High-net-worth divorces also tend to involve claims by one spouse that assets are being hidden by the other. To uncover hidden assets, your family law attorney will need to conduct a process known as discovery. Discovery is used to learn important and relevant financial information and find out what sorts of arguments the other spouse may use in court. Common discovery tools used in high-net-worth divorce cases include:

  • Interrogatories: written questions sent to the other spouse
  • Requests for production of documents: used to obtain documents relevant to the case
  • Requests for admission: the opposing party must admit or deny certain statements, a process used to narrow issues for trial
  • Requests for disclosure: among other things, these are used to identify individuals with relevant information about the case and to learn the opposing spouse’s legal arguments
  • Sworn inventory and appraisement: used to list the marital assets both sides know about, to assign them a value, and to specify whether the spouse believes each is community or separate

How Are Spousal Maintenance and Child Support Handled in a High-Net-Worth Divorce?

Property division is a major aspect of high-net-worth divorces, but it is by no means the only one. Spousal maintenance or spousal support and child support are also issues that must be addressed.

The purpose of spousal maintenance is to ensure that a spouse’s minimum reasonable needs are taken care of after a divorce. The purpose of child support is to make sure that the children’s needs are being met. With high-net-worth divorces, a spouse may claim that he or she needs far more support than is typically granted. And parents may say that their children’s needs justify more support than would typically be granted under the texas child support guidelines.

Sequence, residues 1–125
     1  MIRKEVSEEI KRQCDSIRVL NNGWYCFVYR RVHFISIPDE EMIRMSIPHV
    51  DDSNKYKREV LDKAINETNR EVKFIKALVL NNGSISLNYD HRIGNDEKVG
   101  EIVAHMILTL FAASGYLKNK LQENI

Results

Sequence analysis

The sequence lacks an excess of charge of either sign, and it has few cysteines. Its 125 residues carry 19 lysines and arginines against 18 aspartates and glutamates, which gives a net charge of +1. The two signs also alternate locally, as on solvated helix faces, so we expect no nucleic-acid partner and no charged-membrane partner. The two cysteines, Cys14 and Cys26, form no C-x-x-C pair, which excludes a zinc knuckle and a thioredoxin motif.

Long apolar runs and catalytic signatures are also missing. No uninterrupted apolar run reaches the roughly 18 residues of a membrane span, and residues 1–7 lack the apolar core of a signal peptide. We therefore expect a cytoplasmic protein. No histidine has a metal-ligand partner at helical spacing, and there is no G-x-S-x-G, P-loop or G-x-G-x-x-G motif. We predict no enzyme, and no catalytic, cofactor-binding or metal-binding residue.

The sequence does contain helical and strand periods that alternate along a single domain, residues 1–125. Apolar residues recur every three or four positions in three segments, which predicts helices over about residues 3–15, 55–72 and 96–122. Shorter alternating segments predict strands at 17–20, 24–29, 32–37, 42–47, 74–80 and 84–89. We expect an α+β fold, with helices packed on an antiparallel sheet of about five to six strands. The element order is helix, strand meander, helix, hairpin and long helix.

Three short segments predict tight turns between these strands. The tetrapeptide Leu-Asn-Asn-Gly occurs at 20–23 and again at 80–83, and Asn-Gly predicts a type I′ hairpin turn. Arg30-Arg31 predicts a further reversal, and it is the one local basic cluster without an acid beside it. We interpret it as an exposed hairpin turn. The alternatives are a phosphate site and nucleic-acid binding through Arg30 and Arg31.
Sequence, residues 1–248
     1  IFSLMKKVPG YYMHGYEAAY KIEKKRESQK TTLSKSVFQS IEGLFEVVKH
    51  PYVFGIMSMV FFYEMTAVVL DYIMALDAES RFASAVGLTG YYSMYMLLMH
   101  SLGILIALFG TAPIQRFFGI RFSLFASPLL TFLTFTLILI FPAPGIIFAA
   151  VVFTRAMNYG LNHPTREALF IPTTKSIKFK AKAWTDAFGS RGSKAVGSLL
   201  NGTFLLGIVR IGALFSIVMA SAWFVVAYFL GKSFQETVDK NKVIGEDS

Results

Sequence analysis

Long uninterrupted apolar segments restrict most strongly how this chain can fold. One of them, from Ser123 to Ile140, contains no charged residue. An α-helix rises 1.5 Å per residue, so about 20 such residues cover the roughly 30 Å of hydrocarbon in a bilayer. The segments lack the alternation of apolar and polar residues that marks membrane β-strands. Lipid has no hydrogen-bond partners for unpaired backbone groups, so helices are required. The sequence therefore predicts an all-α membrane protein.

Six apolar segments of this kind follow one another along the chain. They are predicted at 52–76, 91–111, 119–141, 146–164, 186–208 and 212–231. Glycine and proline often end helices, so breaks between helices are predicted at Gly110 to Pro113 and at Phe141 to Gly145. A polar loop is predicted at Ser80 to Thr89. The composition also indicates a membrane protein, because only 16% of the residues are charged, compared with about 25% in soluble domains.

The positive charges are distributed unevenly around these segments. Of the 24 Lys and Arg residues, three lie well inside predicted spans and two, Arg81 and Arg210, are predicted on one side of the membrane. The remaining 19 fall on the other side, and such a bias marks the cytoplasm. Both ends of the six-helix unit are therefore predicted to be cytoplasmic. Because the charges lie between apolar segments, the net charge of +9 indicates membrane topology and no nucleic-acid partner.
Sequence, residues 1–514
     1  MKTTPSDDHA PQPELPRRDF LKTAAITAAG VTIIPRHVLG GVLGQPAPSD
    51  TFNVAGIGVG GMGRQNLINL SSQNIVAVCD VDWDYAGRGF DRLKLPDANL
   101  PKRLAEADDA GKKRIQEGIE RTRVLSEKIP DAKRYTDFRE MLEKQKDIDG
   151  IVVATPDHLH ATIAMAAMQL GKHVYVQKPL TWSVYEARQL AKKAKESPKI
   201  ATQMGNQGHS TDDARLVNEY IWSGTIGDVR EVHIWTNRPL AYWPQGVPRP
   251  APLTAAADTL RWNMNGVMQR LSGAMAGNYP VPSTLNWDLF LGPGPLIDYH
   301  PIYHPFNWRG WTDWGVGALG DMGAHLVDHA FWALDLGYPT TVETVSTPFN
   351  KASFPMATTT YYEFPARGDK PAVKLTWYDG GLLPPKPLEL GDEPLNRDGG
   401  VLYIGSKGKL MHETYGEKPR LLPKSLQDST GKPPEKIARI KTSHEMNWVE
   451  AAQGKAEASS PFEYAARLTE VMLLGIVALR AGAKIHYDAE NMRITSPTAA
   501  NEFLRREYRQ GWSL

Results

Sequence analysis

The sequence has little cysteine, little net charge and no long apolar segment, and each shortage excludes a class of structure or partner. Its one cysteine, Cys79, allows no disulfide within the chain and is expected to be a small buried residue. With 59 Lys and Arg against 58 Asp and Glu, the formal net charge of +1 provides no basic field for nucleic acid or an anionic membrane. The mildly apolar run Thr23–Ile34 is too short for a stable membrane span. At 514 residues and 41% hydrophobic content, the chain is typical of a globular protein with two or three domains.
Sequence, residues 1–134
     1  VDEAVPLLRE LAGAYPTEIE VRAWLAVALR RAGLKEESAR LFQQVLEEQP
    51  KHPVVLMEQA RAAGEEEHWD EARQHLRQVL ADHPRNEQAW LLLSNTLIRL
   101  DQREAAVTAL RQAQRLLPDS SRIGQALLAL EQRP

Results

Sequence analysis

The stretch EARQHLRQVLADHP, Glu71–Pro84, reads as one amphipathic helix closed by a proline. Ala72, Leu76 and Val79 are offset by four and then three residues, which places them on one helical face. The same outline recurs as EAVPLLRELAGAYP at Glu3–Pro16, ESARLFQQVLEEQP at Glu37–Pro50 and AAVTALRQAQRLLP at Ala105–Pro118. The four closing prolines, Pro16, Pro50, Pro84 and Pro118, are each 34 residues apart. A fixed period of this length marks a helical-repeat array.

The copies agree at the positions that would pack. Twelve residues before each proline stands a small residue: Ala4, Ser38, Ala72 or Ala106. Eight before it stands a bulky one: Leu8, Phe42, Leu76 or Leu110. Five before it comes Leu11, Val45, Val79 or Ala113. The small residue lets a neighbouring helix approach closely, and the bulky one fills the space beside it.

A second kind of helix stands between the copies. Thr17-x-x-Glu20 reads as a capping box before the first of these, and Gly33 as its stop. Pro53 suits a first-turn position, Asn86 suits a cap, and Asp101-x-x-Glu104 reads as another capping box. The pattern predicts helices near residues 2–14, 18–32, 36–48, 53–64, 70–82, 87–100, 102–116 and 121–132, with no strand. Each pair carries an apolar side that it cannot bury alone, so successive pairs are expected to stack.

Spousal support can pose a challenge to either spouse in a high-net-worth divorce. Texas has clear rules that must be met in most cases before a spouse can obtain spousal support, such as marriage for at least 10 years. A spouse must also show that he or she needs support to meet his or her minimum reasonable needs. On the other hand, high-net-worth spouses often claim that they need far more than necessary to cover this amount. They may receive up to $5,000 per month in alimony, depending on the circumstances.

Texas uses a calculator to determine the reasonable amount of child support that should be paid. But this calculator only applies to individuals earning up to a certain amount (currently, $9,200 of net monthly income). Above this amount, the court will need to determine the proven needs of the child before it can assign a dollar amount. But this can be expensive for children who are used to high living expenses. While one parent may attempt to pay as little as possible, the other may exaggerate the child’s needs. 

A Divorce Attorney You Can Count On

Having an experienced high-net-worth divorce attorney can make a significant difference in what each spouse will end up with, and the amount of spousal and child support that will be paid. Youngberg Law Firm is dedicated to ensuring our clients are fairly treated and receive the best possible results. Let us help with your family law case. Call us today for a consultation.